Francis Wade | Tackling the problem of conglomerate strategy
How do you craft a strategic plan for a group of companies? Why do so many efforts end up with nothing more than last-year’s-plan-plus-5%?
Discard this path of least resistance if you hope to capitalise on COVID opportunities.
Conglomerates are, in the best of times, difficult to plan for. Units compete for resources in different markets, creating a headache for whoever must make an optimal allocation. It’s a challenge of comparing apples to oranges by executives who don’t specialise in either fruit.
The hope is that by the end of the day, each business unit has a unique set of marching orders: a custom breakthrough-strategy. It should be powerful enough to meet customer’s unmet needs, conform to disruptive technology trends and prevent competitors from gaining a foothold.
Furthermore, at the group level, the overall strategy shouldn’t be just a grab bag of ideas. Each individual plan should be part of a puzzle that makes up a single coherent picture.
However, I have sat in group meetings in which business unit managing directors, MDs, flounder when asked for their organisation’s strategy. After a bunch of PowerPoint slides, it becomes clear: they have no real strategy. At most, they have a list of tactics.
Furthermore, in these pandemic times, most are facing game-changing disruptions. This requires them to engineer the ‘next normal’. More often than not, they simply aren’t equipped to get the job done.
DON’T BE A HAS-BEEN
Before your business units drift into becoming another Nokia or Blackberry – that is, a has-been – here’s a guide for how your group of companies can prevent its component businesses from failing.
Step 1: Engage business units in long-term planning
The simplest request is for business units to lengthen their planning horizons. Ask them to look 15-30 years out. Give them the examples, support and templates they need to produce a feasible, detailed plan. While it needs to account for current trends, the team shouldn’t be limited by them.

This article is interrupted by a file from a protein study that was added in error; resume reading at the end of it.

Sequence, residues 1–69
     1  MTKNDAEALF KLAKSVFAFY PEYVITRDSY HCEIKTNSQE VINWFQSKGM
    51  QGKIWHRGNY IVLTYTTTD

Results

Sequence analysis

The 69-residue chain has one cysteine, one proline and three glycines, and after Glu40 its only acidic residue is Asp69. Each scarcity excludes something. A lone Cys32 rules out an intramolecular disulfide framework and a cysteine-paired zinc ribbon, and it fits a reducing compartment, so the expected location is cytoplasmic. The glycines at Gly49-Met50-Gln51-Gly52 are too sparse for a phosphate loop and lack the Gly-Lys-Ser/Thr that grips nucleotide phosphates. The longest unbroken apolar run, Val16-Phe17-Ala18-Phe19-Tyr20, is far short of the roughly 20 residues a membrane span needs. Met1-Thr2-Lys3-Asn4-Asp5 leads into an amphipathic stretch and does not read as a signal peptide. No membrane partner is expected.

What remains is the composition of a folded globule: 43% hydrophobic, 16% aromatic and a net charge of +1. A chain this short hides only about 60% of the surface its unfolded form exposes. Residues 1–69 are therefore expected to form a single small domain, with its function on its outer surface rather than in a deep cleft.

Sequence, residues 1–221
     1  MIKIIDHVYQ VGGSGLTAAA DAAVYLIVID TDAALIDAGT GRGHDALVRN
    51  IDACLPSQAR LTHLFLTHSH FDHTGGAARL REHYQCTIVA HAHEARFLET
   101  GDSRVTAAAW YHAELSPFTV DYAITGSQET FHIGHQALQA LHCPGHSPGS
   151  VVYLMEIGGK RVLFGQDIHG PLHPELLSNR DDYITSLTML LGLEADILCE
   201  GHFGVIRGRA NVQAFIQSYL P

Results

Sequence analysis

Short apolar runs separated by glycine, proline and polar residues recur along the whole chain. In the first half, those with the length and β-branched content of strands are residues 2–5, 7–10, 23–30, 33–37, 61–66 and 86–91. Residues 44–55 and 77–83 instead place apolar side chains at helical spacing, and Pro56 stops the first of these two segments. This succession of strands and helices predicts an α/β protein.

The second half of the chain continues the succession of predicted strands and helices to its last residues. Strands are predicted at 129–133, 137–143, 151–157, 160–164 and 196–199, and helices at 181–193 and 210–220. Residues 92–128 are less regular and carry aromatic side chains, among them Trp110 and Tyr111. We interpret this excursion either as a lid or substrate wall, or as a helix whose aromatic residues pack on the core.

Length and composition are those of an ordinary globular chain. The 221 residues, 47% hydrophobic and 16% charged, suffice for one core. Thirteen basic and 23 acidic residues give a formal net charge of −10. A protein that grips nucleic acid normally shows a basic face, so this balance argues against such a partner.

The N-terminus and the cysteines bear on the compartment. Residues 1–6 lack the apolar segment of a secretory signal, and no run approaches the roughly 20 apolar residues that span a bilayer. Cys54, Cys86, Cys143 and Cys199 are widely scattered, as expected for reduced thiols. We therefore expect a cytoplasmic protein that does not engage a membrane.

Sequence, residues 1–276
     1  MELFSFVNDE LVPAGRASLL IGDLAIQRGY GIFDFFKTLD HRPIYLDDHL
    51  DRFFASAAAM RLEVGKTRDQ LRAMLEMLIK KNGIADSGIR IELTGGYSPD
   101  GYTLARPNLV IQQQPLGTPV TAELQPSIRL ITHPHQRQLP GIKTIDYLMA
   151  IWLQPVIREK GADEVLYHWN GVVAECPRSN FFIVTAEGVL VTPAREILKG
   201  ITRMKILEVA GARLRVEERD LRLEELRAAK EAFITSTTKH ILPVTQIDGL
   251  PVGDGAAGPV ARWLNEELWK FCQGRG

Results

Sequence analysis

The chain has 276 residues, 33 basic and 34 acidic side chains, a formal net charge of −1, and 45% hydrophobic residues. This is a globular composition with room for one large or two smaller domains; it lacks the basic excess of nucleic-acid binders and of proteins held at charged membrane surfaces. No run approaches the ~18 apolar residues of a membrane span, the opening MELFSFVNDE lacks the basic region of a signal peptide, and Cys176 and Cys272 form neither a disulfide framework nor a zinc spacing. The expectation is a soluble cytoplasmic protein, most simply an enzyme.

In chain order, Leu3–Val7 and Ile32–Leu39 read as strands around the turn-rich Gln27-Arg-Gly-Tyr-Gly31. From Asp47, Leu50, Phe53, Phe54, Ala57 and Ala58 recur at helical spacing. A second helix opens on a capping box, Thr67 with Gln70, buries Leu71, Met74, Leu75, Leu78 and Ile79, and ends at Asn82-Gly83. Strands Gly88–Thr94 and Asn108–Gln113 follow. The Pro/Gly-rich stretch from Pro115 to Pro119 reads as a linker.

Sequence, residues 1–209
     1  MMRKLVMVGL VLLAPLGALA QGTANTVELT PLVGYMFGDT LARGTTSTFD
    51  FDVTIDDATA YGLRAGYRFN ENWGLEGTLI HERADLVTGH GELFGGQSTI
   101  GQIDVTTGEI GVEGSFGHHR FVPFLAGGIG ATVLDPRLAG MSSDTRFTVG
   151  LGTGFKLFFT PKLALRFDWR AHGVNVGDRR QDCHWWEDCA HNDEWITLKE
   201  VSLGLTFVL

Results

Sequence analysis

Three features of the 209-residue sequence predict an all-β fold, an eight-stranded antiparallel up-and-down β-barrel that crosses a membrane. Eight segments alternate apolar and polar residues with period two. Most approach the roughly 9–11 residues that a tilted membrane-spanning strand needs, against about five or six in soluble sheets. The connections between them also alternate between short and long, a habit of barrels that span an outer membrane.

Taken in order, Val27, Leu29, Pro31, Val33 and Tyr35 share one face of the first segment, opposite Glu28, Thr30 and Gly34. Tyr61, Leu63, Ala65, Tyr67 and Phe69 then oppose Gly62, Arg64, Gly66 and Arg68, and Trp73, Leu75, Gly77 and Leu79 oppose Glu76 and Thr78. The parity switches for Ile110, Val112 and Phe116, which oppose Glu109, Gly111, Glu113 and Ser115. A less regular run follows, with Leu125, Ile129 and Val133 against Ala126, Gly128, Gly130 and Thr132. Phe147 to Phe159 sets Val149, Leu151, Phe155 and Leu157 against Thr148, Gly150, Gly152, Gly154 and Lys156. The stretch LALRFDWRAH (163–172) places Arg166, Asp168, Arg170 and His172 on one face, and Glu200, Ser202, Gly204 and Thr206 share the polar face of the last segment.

After all, this is not an exercise in predicting the future, but crafting one which includes preferred outcomes.
For the average MD of a business unit, this is likely to be a tough activity. But even clumsy attempts will push executives into the right zone of discomfort.
Step 2: Develop leaders’ everyday planning skills
To improve C-suite skills, don’t turn strategy into a one-time or annual event. Instead, train them to think strategically at all times.
Some group CEOs mistakenly assume this is easy. In their role, they spend 80 per cent of their time on strategy, and 20 per cent on daily operations. However, the reverse is true for their business unit MDs. The fact is, in their progress up the ranks, the drumbeat for immediate results kept them awake at night. Their ability to adapt quickly helped them get promoted.
As such, your organisation may not be organised to think strategically, and MDs will find this to be a challenge. Don’t let them languish.
Instead, give them the training and coaching to implement their strategy from month to month. Their environment is changing so fast that if they don’t keep the big picture in mind, they could miss out on opportunities created by disruptions like COVID.
What if they fail to grow the required skills? Expect big mistakes that destroy value and produce a “diversification discount” in which the sum of the parts of your company is greater than the whole.
Step 3: Make clear proposals
Once a business unit has completed its planning, MDs must advance proposals to the central group organisation. This is pure lobbying: an appeal to support the business unit’s strategic plan with tangible resources.
CLARITY IS ESSENTIAL
Your leaders may also need to be trained to become balanced, fact-based advocates of the specific value they can bring in the mid to long term.
Their clarity is essential. Why?
As group executives hear a range of proposals, they need to make collective decisions about the direction of the entire organisation. Consequently, business units will receive good news or bad news, depending on decisions made to allocate funds, attention and power.
As such, MDs must be clear as the future of the organisation relies on the quality of their analysis. If they do a poor job, bad decisions will be made: a harsh reality.
But the worst decision of all is not to make any. Some companies drift along, sitting back to watch what happens next.
By then, the most savvy staff members have found jobs elsewhere, looking for real leaders to follow. Customers uncover better products and services, and value is destroyed.
While it’s hard to marshal a conglomerate strategy, it’s a problem which must be tackled to assure the future of the entire organisation.
- Francis Wade is a management consultant and author of ‘Perfect Time-Based Productivity’. To receive a Summary of Links to past columns, or give feedback, email: email@example.com